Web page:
Daily Mail

The Fortune Men confirms Mohamed as a literary star of her generation. When Mohamed's prose - simple and full of soul - illuminated him, Mahmood emerges as a beacon of humour, hope and endurance


In her determined, nuanced and compassionate exposure of injustice, Mohamed gives the terrible story of Mattan's life and death meaning and dignity


Based on real events, Mohamed's novel is panoramic in its scope and rich in period atmosphere, vividly tracing the desperate livers of the victim and the accused

Mail on Sunday

A moving work

The Week, Novel of the Week

Evocative and enlightening

New Statesman

Mohamed is . . . intent on expanding her world, listing its teeming varieties and presenting a wealth of character and language


Nadifa Mohamed's richly evocative novel paints a vivid picture of life in this notorious neighbourhood as she visits a forgotten miscarriage of justice


[Mohamed] creates an intriguing snapshot of an era and a complex main character you can't help but root for

The Times

A searing and moving look at institutional racism and the helplessness you can feel in the face of prejudice


Heaving with life . . . The Fortune Men excavates the forgotten reaches of British colonial history . . . The purposeful detail is an implicit corrective to all the times when the lives of people like Mattan have not been considered at all


Grippingly-paced and full of complex, richly-drawn characters, the novel combines pointed social observation with a deeply empathetic sensibility. The Fortune Men demonstrates what historical fiction can achieve at its best

Maya Jasanoff, Chair of the Booker Prize 2021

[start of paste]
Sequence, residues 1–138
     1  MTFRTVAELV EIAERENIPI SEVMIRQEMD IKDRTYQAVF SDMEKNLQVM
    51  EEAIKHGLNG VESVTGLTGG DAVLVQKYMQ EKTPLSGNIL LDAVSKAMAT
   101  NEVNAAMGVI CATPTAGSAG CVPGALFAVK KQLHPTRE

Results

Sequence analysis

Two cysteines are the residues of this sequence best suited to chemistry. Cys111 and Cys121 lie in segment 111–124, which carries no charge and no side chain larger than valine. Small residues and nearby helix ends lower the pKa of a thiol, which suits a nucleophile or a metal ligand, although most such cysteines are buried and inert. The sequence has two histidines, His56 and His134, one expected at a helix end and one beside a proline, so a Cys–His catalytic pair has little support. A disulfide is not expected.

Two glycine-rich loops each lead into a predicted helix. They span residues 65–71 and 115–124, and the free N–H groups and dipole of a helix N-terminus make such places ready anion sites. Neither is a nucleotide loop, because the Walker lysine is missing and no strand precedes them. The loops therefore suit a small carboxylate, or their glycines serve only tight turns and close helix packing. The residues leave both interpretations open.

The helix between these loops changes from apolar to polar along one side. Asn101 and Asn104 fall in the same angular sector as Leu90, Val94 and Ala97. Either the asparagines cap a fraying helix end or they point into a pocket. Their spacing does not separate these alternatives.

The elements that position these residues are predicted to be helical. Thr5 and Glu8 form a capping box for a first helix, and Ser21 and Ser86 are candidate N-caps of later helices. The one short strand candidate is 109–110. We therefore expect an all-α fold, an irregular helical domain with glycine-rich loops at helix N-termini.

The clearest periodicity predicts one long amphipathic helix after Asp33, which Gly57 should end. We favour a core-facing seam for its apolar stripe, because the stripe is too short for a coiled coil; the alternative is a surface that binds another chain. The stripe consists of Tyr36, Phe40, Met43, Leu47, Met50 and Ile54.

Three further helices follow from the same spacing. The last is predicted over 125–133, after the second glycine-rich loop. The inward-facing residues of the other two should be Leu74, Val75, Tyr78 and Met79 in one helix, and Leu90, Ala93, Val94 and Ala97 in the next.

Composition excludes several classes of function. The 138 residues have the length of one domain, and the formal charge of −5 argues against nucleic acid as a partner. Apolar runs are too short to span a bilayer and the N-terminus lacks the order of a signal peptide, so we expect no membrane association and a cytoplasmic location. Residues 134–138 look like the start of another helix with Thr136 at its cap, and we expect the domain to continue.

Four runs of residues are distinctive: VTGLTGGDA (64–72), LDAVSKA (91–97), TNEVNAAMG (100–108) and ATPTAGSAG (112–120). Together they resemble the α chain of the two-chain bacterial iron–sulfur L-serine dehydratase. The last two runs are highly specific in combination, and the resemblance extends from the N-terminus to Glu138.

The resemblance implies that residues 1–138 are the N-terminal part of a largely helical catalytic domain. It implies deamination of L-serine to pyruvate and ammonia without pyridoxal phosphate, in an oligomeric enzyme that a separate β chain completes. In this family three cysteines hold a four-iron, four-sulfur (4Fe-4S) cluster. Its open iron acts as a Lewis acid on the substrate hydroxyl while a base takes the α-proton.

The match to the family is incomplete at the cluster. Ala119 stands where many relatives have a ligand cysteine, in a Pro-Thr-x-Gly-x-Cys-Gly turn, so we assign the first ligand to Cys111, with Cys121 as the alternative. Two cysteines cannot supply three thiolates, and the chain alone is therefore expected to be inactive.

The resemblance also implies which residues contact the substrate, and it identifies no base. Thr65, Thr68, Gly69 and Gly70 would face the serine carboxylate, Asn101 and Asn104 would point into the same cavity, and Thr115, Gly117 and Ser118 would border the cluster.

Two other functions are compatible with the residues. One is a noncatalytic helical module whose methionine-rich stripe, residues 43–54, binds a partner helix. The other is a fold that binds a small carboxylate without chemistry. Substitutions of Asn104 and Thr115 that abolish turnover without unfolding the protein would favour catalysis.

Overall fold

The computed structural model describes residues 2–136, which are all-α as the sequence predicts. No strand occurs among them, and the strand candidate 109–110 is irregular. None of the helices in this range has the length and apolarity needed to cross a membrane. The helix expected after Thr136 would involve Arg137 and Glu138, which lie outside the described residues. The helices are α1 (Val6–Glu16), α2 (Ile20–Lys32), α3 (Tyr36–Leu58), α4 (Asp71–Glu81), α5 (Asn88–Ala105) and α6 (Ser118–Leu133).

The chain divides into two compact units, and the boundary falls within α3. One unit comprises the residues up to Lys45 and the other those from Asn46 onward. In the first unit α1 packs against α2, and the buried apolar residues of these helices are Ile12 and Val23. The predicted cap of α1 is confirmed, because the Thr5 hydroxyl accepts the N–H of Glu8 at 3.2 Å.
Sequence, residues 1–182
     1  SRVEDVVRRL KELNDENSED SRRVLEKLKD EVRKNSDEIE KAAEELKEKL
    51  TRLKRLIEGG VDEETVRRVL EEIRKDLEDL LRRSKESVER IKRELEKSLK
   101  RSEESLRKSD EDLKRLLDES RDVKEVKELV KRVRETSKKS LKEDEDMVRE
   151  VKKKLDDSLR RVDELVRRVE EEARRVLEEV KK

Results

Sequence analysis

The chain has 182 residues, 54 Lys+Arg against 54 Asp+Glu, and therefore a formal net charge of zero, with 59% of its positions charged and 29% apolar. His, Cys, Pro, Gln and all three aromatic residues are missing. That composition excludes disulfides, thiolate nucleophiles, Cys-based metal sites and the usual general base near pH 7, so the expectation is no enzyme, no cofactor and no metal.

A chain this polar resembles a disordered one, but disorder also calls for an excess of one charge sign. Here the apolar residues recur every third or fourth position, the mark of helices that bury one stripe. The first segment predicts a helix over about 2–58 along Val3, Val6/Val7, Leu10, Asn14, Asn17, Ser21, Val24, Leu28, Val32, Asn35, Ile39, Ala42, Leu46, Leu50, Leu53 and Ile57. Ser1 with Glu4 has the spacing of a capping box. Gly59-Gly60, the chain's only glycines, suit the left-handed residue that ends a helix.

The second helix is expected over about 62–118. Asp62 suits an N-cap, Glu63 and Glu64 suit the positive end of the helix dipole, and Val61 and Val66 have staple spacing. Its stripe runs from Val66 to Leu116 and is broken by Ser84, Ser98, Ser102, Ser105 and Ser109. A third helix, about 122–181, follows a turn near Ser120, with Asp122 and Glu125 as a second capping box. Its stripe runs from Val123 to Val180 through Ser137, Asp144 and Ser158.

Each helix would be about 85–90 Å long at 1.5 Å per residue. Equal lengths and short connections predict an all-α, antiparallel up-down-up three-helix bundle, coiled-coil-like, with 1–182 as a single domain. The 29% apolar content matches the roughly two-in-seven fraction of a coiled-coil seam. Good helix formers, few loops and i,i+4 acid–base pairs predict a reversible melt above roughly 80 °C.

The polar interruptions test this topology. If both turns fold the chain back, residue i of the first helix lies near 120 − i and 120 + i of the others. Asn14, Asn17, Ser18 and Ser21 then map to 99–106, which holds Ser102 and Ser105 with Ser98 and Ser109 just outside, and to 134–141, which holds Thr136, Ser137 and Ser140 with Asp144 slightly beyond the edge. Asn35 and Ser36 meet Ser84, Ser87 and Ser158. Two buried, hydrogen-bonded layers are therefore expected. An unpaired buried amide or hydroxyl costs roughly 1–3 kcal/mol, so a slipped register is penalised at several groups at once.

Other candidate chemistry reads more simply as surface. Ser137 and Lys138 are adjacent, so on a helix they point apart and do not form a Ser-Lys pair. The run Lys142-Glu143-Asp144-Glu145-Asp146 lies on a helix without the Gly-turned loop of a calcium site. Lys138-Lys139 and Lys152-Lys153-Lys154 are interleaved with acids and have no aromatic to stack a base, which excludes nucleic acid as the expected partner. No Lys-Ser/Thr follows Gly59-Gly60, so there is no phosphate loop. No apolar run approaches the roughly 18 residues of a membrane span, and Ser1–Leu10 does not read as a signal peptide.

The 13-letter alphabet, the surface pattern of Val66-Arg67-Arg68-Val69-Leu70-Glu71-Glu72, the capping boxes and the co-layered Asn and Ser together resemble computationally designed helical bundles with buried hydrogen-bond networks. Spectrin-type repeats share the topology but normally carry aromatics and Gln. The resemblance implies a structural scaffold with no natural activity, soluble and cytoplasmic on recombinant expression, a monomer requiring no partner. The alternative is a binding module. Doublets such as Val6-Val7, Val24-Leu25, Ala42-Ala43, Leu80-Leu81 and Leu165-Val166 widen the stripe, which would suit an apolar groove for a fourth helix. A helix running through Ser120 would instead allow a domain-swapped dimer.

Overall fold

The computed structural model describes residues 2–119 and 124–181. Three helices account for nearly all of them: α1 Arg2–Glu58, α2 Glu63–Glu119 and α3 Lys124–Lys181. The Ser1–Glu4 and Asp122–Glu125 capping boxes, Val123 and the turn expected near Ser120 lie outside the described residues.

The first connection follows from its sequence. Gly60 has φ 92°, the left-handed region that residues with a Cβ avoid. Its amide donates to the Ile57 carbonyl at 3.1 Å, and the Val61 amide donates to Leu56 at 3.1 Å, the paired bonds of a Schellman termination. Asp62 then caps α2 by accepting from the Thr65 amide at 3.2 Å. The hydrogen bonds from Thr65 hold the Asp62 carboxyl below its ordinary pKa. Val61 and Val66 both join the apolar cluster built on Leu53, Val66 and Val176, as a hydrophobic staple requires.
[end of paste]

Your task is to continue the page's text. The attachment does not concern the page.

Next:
The writing carries a depth of humanity that puts the reader right in the shoes of the characters - the clothes they wear, the streets they walk, the emotions they feel . . . [The Fortune Men] is filled with the hope of how things should be and the truth of how things are. All of it, the life of Mahmood Mattan, the system convicting him of this murder, and the community that allows it, all brought painfully into focus with Mohamed's unflinching and gifted prose

San Francisco Chronicle

A potent, pointed novel . . . Mohamed is a big talent, and she's only getting started

New York Times, Best Books of 2021

Mohamed balances colonial history and violence with the evocative interior lives of Mahmood and Violet Volacki, a fictionalized Volpert . . . brilliantly depict[ing] the complexities of community within the Black diaspora . . . [she] manages such tender detail even while zooming out on the British prison and court systems more broadly

New York Times

Nadifa Mohamed's The Fortune Men is an elegant portrayal of life in the racial, cultural hub of Cardiff's Tiger Bay in the early Fifties. Eschewing a simple morality play for complex vivid characters, it centres on the plight of Mahmood Mattan, who finds himself in the shadow of the hangman's noose for a murder he didn't commit

Gary Younge, New Statesman, Books of the Year

Smart and devastating, there's a reason it's one of our books of the year

Stylist, Unmissable Fiction Buys From 2021

Mohamed's novel, very much in the US genre of exposing racial injustice, is also an atmospheric account of Tiger Bay in 1952 and of the forgotten multiculturalism that allowed Mattan to marry a local girl, Laura, who for years campaigned to clear his name

Sameer Rahim, Daily Telegraph

[An] expert illumination of real-life racial injustice in the cultural melting pot of 1950s Cardiff

Justine Jordan, Guardian, Best Fiction of 2021